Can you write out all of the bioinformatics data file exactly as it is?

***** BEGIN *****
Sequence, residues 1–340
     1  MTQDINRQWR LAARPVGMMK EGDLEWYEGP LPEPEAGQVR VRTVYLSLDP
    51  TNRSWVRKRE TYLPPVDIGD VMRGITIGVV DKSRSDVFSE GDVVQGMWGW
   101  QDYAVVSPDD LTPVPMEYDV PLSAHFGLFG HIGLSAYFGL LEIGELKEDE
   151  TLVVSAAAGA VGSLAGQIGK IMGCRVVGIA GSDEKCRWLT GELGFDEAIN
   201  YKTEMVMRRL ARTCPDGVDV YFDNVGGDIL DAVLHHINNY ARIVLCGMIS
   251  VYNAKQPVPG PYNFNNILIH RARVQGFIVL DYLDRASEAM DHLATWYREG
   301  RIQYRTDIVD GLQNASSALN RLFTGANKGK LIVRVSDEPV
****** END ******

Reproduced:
Sequence, residues 1–340
     1  MTQDINRQWR LAARPVGMMK EGDLEWYEGP LPEPEAGQVR VRTVYLSLDP
    51  TNRSWVRKRE TYLPPVDIGD VMRGITIGVV DKSRSDVFSE GDVVQGMWGW
   101  QDYAVVSPDD LTPVPMEYDV PLSAHFGLFG HIGLSAYFGL LEIGELKEDE
   151  TLVVSAAAGA VGSLAGQIGK IMGCRVVGIA GSDEKCRWLT GELGFDEAIN
   201  YKTEMVMRRL ARTCPDGVDV YFDNVGGDIL DAVLHHINNY ARIVLCGMIS
   251  VYNAKQPVPG PYNFNNILIH RARVQGFIVL DYLDRASEAM DHLATWYREG
   301  RIQYRTDIVD GLQNASSALN RLFTGANKGK LIVRVSDEPV